As the New Year approaches, some South Africans may be taking a giant leap and relocating to other countries. It’s a daunting decision and lots of boxes need to be ticked to make a big move successful.
One thing is certain: deciding to leave the country is not an easy decision to make. Whatever the reason for emigrating, there are myriad factors that come into play. Apart from the emotional side of things, being really organised about your big move will ease the way. Here are some of our tips:
Do the research
You have made the decision, now you need to do the research – dig deep and find out what is viable and what issues may hold you back in any way. Paperwork and official documentation (like passports, birth certificates) are vital and it may be best to consult a reputable immigration specialist who can assist you every step of the way. You need to know the requirements of the chosen country and to ask questions like: Are you eligible for a work visa? Are your skills needed? (Some countries list their skills shortages, which might make your application easier.) Some may require proof that you’ve been looking for employment – that may mean setting up meetings with recruitment agencies or applying for jobs before getting there.
Get your affairs in order
Formal emigration is a complex financial process that can take as long as six months. It’s best to seek professional advice about things like tax clearance certificates, declaring your income to SARS and any legal issues that need to be sorted out with the South African Reserve Bank before you leave. There are limits to how much foreign capital you can take out of the country, so make sure you do your homework.
Make sure you have all the relevant identity documents, passports, vaccination records (for the kids) all in one file – and back up your important documents by placing scanned versions in the cloud.
Know the costs involved
You need to establish if you can afford to emigrate as the relocation costs can be prohibitive. In the months leading up to your move, you need to save up enough funds to supplement your living costs, especially while you are finding work, settling into new schools, etc. Some experts advise that you sell your household contents and cars to create an emergency fund for any unexpected costs.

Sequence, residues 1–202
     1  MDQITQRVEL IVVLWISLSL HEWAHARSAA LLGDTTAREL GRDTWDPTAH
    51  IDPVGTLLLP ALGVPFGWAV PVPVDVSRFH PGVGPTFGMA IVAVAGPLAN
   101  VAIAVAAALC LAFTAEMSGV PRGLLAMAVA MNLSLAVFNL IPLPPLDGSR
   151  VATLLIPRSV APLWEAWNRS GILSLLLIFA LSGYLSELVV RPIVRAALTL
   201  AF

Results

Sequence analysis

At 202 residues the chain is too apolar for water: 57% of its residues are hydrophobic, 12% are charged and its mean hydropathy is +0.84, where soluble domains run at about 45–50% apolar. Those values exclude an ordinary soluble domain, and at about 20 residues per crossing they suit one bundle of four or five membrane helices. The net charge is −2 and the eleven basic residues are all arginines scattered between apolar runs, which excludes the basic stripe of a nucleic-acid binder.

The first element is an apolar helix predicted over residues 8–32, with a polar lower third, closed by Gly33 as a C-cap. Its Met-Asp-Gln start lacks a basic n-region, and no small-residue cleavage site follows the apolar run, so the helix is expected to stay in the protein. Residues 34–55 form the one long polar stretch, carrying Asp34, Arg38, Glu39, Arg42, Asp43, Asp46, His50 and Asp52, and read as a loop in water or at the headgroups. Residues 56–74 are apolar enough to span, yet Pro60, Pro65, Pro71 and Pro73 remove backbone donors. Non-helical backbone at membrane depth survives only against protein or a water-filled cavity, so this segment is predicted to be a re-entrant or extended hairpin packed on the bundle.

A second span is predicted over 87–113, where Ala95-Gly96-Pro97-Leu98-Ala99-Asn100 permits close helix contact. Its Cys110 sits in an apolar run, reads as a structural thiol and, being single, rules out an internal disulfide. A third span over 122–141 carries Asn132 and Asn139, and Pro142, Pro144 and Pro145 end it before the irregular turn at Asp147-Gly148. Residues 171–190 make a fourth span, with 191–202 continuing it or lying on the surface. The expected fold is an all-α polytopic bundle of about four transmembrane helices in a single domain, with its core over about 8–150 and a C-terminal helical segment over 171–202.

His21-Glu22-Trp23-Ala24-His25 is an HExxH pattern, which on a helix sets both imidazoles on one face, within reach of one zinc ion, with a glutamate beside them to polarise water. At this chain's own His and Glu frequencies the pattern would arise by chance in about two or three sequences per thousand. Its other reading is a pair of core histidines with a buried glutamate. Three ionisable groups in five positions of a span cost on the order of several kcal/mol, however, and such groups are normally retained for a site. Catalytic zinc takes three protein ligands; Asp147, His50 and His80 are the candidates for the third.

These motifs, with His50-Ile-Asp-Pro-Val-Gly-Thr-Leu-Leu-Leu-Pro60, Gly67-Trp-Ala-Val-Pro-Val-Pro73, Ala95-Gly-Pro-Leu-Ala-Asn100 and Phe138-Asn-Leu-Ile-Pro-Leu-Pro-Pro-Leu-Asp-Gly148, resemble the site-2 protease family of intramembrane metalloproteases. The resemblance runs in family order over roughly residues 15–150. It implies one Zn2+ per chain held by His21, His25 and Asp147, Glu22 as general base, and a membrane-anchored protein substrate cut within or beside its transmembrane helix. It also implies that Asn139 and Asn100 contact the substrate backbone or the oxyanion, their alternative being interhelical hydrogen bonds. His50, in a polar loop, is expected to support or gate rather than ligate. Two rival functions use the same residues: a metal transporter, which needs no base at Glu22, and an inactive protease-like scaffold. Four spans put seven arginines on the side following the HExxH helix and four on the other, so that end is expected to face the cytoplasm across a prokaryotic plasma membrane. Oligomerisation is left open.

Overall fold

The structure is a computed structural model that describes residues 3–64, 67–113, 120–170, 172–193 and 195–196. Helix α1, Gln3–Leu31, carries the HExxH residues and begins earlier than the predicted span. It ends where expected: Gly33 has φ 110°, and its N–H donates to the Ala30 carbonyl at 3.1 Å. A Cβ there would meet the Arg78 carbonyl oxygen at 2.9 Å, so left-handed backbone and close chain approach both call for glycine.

It’s important to visit the country you’ll be moving to assess what area you’d like to live in, what rentals cost (rent first, buy later) as well as healthcare and schooling (some national health schemes require an upfront payment in order to join). Another big expense is transport – if you won’t be buying a car immediately, you’ll need to budget for the monthly train or underground passes.
If you’re moving with your pets, there may be quarantine requirements. In some cases, vet certificates, microchipping or vaccinations are all that is required but there are costs involved. If you’re not able to take pets along, you need to find a home for your animals – try friends and family first. Rescue organisations may also be able to help with rehoming.
When to sell your home?
FNB’s Property Barometer cites an increase in emigration as a reason for selling residential homes – from 4.6% (of sellers) in 2016 to 7.4% in 2018. Your home may be your biggest asset and it’s advisable to sell first and wait for the transfer to take place before you leave the country. This also allows enough time to pack up your home and select what will go with you. Once you have made the decision to sell your home, get hold of your Leadhome property expert to make the move as seamless as possible. Your local property expert will give you all the advice and support you need to sell your home efficiently.
And . . . be prepared for mixed emotions
If you’re relocating with your family, tempers will flare and there will be frustrations along the way. Aside from your own family’s fears and sense of loss, there may even be hostility from friends who will be left behind. “Even when only one person leaves his or her country, emigration is never just an individual event. Both those leaving and those staying behind are deeply impacted by the act of migration,” writes Wits professor of psychology Maria Marchetti-Mercer on the Homecoming Revolution website. Those you’re leaving behind may have a sense of being abandoned. Remind them that instant technology allows us to keep in touch more than ever before.